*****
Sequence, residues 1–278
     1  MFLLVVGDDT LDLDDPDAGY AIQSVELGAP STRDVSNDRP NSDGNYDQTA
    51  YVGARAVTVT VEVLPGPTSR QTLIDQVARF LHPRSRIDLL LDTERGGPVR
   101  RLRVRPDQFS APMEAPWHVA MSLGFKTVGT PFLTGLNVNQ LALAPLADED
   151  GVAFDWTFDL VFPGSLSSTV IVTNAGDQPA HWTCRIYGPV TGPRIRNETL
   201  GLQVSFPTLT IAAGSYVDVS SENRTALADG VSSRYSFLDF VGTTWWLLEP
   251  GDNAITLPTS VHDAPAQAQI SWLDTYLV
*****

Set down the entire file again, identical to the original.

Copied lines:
Sequence, residues 1–278
     1  MFLLVVGDDT LDLDDPDAGY AIQSVELGAP STRDVSNDRP NSDGNYDQTA
    51  YVGARAVTVT VEVLPGPTSR QTLIDQVARF LHPRSRIDLL LDTERGGPVR
   101  RLRVRPDQFS APMEAPWHVA MSLGFKTVGT PFLTGLNVNQ LALAPLADED
   151  GVAFDWTFDL VFPGSLSSTV IVTNAGDQPA HWTCRIYGPV TGPRIRNETL
   201  GLQVSFPTLT IAAGSYVDVS SENRTALADG VSSRYSFLDF VGTTWWLLEP
   251  GDNAITLPTS VHDAPAQAQI SWLDTYLV